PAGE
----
Now the researchers show that pulsing the light used to excite the fluorescent dye can sharpen the resolution further. The pulsing pattern gives fluorescent molecules that would otherwise have become exhausted (a process known as photobleaching) time to relax, allowing the team to ramp up the laser's power and narrow the excitation beam. This made it possible to resolve features only 15–20 nanometres across.

Materials chemistry: Designer glasses

J. Am. Chem. Soc. doi:10.1021/ja063353s (2006)

Researchers in Canada have figured out how to frustrate small organic molecules so that they won't form crystals. Instead, the molecules they design should form disordered glasses, useful for their optical properties.

Small organic molecules have been widely explored in crystal engineering, because they can be designed to self-assemble into specific crystalline arrays guided by intermolecular forces such as hydrogen bonding. Such designer crystals might be useful as molecular sieves or catalysts, for example.

James Wuest and his colleagues at the University of Montreal, Quebec, looked at how hydrogen bonding might, in contrast, be used to prevent crystallization. They devised molecules that form aggregates, which cannot easily be closely packed into regular arrays, and so do not crystallize.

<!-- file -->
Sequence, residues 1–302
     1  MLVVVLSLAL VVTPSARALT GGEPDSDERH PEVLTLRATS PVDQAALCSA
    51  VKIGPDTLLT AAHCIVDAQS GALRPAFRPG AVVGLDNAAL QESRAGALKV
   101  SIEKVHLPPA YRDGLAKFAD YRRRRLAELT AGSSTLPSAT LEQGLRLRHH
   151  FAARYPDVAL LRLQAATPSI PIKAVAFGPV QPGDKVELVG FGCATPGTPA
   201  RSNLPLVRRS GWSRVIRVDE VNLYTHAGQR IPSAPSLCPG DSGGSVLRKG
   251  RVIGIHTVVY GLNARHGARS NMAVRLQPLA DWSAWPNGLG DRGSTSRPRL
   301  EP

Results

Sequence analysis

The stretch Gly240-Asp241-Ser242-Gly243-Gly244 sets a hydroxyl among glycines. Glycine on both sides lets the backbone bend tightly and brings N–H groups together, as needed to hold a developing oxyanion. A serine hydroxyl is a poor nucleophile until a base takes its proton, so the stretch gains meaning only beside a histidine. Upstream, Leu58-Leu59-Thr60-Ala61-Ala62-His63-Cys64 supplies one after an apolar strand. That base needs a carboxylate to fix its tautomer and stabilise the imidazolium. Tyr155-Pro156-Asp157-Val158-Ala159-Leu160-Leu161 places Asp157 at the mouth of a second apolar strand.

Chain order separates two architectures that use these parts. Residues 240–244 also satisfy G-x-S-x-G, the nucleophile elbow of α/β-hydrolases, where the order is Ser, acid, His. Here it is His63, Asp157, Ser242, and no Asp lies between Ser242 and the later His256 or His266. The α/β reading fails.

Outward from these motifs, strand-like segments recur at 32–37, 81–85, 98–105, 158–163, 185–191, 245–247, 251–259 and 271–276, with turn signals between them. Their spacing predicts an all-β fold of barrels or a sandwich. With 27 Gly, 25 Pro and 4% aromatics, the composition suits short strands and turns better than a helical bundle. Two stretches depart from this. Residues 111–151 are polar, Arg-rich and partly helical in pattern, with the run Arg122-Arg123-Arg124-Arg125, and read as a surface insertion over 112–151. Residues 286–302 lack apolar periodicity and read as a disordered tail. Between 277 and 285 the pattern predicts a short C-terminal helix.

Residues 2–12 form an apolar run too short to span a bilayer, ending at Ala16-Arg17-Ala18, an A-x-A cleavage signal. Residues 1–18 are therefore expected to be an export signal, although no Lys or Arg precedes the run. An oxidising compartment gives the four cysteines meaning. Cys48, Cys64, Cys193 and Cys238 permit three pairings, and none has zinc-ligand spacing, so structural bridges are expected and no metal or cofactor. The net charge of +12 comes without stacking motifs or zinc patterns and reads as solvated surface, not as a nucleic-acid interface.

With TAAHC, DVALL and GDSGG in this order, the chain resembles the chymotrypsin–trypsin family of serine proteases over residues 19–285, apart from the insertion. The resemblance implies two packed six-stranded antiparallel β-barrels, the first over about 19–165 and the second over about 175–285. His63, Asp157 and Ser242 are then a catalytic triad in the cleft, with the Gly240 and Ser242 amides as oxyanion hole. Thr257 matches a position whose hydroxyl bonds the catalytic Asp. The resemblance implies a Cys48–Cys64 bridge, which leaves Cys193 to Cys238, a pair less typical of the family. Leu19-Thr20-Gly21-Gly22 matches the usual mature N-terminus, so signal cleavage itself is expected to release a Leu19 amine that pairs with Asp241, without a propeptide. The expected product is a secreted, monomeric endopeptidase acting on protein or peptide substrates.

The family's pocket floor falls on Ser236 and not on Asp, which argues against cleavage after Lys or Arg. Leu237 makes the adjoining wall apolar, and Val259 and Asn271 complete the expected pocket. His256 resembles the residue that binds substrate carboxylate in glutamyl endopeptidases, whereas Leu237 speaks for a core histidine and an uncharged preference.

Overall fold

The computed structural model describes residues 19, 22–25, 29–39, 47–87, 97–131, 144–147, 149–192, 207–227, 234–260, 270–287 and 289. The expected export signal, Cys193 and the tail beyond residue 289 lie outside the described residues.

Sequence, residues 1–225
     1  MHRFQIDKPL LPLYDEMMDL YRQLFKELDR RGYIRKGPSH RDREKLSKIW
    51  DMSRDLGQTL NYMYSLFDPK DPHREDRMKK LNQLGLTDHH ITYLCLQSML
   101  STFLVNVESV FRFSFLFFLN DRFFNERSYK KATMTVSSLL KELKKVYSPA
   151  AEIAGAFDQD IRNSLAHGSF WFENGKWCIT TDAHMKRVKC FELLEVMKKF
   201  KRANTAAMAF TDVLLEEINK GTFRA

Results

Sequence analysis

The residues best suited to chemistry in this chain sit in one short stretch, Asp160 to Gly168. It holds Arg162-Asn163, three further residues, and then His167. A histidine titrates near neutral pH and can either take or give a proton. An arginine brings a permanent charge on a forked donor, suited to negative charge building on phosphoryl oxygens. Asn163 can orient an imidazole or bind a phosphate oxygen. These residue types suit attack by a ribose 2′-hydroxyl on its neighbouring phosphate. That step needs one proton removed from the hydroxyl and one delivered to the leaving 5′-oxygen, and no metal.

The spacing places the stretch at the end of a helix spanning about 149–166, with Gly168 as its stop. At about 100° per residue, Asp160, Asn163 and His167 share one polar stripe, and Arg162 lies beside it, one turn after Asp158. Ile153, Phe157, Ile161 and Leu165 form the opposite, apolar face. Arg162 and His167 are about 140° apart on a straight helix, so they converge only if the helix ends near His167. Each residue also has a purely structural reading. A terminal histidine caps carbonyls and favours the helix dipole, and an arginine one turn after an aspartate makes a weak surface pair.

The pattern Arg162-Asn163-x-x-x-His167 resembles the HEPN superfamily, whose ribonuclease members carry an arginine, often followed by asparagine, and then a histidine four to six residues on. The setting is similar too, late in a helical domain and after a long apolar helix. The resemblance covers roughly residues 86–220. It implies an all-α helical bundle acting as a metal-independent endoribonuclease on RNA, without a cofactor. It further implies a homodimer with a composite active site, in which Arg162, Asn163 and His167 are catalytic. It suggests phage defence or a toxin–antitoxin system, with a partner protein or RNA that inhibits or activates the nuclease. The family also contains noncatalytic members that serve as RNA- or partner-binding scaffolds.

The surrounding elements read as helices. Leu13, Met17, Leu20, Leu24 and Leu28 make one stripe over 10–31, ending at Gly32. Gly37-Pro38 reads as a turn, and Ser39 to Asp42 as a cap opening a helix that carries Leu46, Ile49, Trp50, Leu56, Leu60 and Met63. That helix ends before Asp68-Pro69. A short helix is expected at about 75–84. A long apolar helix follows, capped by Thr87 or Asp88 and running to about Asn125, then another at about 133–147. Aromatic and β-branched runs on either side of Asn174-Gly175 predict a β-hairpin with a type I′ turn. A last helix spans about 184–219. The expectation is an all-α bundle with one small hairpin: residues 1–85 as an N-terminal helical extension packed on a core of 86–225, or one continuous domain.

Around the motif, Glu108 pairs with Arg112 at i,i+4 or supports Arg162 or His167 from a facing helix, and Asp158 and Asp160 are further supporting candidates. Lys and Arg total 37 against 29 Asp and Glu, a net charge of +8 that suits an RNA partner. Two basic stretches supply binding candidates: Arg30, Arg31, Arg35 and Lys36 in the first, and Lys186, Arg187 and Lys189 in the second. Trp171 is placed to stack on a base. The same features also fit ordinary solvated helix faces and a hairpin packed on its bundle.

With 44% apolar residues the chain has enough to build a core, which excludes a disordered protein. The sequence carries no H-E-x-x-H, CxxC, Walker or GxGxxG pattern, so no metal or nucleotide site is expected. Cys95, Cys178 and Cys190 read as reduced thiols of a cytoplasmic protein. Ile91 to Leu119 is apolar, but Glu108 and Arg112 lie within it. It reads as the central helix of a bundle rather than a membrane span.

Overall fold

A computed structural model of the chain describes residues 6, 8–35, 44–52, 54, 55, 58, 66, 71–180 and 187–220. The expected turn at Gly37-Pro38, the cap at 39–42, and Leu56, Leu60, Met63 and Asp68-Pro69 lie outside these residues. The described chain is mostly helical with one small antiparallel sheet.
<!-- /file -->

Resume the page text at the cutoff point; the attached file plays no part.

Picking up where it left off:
Vision: Are we missing something?

PloS Biol. 4, e254 (2006)

Mammals are missing a photoreceptor protein found in other vertebrates, a new study has shown.

Vertebrate vision relies on opsins — proteins that transform light signals into electrical current in the outer retina. In the inner retina, photoreceptors that contribute to non-visual light responses, such as pupil constriction, depend on an opsin called melanopsin.

Jim Bellingham of the University of Manchester, UK, and his colleagues report that vertebrates other than mammals have two distinct melanopsin genes, rather than just one as was previously believed. The question now is: what are the functional consequences of having only one melanopsin? Until we find out, we won't know what we're missing.